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Trust creates gold: Comedian David Cross on Arrested Development

Trust creates gold: Comedian David Cross on Arrested Development

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When comedian David Cross read the pilot for Arrested Development, he immediately connected with the character Tobias Fünke, an absurd mix between East Coast intellectual and new-age hippie. As David shares his process of developing a totally unique character, on a sitcom that was ahead of its time, you’ll hear how he returns, again and again, to the idea of trust. Whether that’s trusting his instincts, trusting his collaborators, or trusting the writing on the show, David’s story shows how every great creative work relies on trust.

Transcript and images

Tobias Fünke was meant to be a short character arc. But David Cross realized there was much more to the character. From left, Jessica Walter, Jeffrey Tambor, David Cross, and Will Arnett on the set of Arrested Development. Image courtesy Netflix.
Tobias Fünke was originally meant to have a short character arc. But David Cross realized there was much more to the character. From left, Jessica Walter, Jeffrey Tambor, David Cross, and Will Arnett on the set of Arrested Development. Image courtesy Netflix.

Chapter 1: From the Desk of David Cross.

DAVID CROSS: I’ve got a fairly large desk. It was custom-built into the wall here. And this sounds like a sign you’d get in a touristy store, but it’s organized chaos. That just seems like some dumb thing that somebody would have: “This is organized chaos!” and here I have it in needlepoint. I’ve got stacks of notebooks. I have a ton of flash drives from stand-up sets. I got pens. What is this? Oh, I have to get an MRI on my elbow, so here’s that here. And then little things. Like here’s a bookmark that lost its home.

And this is a $59.92 reward certificate from Costco because I shop at Costco, which I love. Love Costco. Hate going there, hate it. Have a love-hate relationship with it. I love that I can buy in bulk and I go maybe three times a year. My in-laws stay here quite a bit. It’s always like three weeks and then ends up being five. Lovely people. They use a lot of maple syrup, lots, like more maple syrup than I would use in probably five years, they’ll use in one visit. Maple syrup is expensive. Luckily, Costco, you can get it in a jug, so instead of spending $140 on fucking maple syrup, I’ll just go get the jug of maple syrup for $18, which I do. So there’s my reward from Costco.

JUNE COHEN: That’s comedian David Cross. And he’s about to tell us the story of creating the character Tobias Fünke in the TV show Arrested Development.

This is David’s personal story about developing a totally unique character, on a sitcom that was ahead of its time. But the takeaway applies to anyone in any field: Every great creative work relies on trust.

As David takes us through the journey of creating the unforgettable character Tobias Fünke, you’ll hear how he implicitly trusts the show’s creator Mitchell Hurwitz to create comedic magic — and to fix anything that wasn’t working. You’ll also hear how David trusts himself — when he knows with certainty that his instincts are right — even when that means rejecting the use of a stunt man and jumping off a second floor landing himself — in a ridiculous and brilliant performance that only David could have delivered.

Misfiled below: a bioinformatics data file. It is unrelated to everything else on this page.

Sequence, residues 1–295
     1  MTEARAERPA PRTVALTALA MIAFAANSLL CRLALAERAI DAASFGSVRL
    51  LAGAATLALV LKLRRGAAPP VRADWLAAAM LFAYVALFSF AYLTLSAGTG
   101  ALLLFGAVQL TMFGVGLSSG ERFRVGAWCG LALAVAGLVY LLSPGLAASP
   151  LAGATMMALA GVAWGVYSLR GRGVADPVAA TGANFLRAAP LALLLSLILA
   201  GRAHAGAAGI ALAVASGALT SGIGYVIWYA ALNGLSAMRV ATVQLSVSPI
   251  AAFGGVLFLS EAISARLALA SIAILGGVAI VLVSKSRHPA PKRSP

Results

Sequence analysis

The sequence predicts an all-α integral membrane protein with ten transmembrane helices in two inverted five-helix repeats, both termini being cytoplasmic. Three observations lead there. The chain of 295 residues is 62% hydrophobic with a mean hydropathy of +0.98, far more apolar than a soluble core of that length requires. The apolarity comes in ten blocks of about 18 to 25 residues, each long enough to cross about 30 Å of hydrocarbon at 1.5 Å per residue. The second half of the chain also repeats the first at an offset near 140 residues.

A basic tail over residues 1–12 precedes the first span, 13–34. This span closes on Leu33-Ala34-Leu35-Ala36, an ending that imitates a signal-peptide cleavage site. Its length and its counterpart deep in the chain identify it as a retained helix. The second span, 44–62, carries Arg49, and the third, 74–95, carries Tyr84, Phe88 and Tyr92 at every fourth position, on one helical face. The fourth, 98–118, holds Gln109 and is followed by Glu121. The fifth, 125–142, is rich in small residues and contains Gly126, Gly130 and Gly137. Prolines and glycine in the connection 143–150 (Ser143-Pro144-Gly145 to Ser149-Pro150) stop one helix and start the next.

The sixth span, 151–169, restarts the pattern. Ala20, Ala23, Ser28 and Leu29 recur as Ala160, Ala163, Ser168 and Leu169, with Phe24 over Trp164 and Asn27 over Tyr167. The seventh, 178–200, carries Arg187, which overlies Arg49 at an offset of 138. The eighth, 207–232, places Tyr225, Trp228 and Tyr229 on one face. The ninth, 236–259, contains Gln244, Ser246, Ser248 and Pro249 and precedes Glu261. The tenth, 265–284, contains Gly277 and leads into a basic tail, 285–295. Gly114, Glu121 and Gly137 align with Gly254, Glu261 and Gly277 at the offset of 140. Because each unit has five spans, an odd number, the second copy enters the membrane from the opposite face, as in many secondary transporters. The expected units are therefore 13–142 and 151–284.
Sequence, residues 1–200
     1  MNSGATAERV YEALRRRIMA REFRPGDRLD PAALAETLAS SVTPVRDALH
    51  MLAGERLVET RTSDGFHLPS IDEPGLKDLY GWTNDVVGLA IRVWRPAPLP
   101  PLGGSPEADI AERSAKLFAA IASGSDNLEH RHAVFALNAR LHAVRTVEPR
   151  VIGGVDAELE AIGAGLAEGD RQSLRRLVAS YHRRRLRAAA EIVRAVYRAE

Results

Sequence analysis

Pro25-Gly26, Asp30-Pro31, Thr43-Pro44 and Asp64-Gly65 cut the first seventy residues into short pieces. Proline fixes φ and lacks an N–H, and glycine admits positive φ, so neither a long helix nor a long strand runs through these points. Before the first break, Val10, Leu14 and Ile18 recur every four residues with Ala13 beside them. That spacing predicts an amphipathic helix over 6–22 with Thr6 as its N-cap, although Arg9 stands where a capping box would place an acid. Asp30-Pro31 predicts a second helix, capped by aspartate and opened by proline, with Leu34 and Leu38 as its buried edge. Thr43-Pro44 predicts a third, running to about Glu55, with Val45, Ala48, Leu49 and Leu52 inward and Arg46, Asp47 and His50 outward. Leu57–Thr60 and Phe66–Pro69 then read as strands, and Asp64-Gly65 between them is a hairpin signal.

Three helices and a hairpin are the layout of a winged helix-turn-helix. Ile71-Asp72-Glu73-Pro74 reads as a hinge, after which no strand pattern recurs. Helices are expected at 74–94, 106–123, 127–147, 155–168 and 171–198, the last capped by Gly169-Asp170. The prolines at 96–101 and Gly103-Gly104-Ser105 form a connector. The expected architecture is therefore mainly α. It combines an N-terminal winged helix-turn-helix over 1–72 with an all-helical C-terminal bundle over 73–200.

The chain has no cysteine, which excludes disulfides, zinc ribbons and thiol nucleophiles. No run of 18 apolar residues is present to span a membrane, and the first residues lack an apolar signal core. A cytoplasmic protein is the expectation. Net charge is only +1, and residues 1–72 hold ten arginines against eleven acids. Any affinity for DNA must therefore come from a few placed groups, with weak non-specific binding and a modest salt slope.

And here’s what you need to know about David Cross and Arrested Development. The show was created by visionary television director and showrunner Mitchell Hurwitz. When it premiered in 2003, it was groundbreaking for its particular documentary style — paving the way for many comedies to come. The series centers on the dysfunctional Bluth family — played by a legendary ensemble cast, which included Jason Bateman, Will Arnett, Tony Hale — and Ron Howard as the narrator. The show received 25 Emmy nominations — and won six, including Outstanding Comedy Series.

David Cross started his career writing on The Ben Stiller Show, and made a name for himself in the New York alt-comedy scene. You may recognize David from his long career in standup or movies like Waiting for Guffman and Eternal Sunshine of the Spotless Mind. With Bob Odenkirk, he created the beloved sketch series Mr. Show with Bob and David. He also created and starred in the series The Increasingly Poor Decisions of Todd Margaret.

I’m your host June Cohen, and on this episode, you’ll hear original music composed for prepared piano. For visuals while you’re listening, go to

Chapter 2: I immediately knew Tobias.

What do you do when the right project comes at the wrong time? Know whose opinion to trust.

DAVID CROSS: I got a U-Haul, put whatever I could put into it, and I gave everything else away. I was like: This is it. I’m getting out of here. After having been in L.A. for 9.5 years, it was the first time that I wasn’t working and I had no work set up. New York was a much different place and it was really creative. The comedy and music scene was really thriving, and it was just a great place to be and I wanted more of that.

Bought my first-ever apartment. Had a girlfriend that I was way into. I had been in New York for eight months maybe, and I got a call about this script, a sitcom that was going to shoot in L.A. I said, “No thank you.” Bob Odenkirk’s wife, Naomi, who has a really sharp eye for comedy, reached out and said, “This guy, Mitch Hurwitz, who wrote it, is really funny, really great. Please consider it.” “Okay, sure, send it along.” I read it and the script is really funny. I mean, that’s rare, too, when it reads really funny. I eventually said, “Yes, I’ll talk with Mitch.”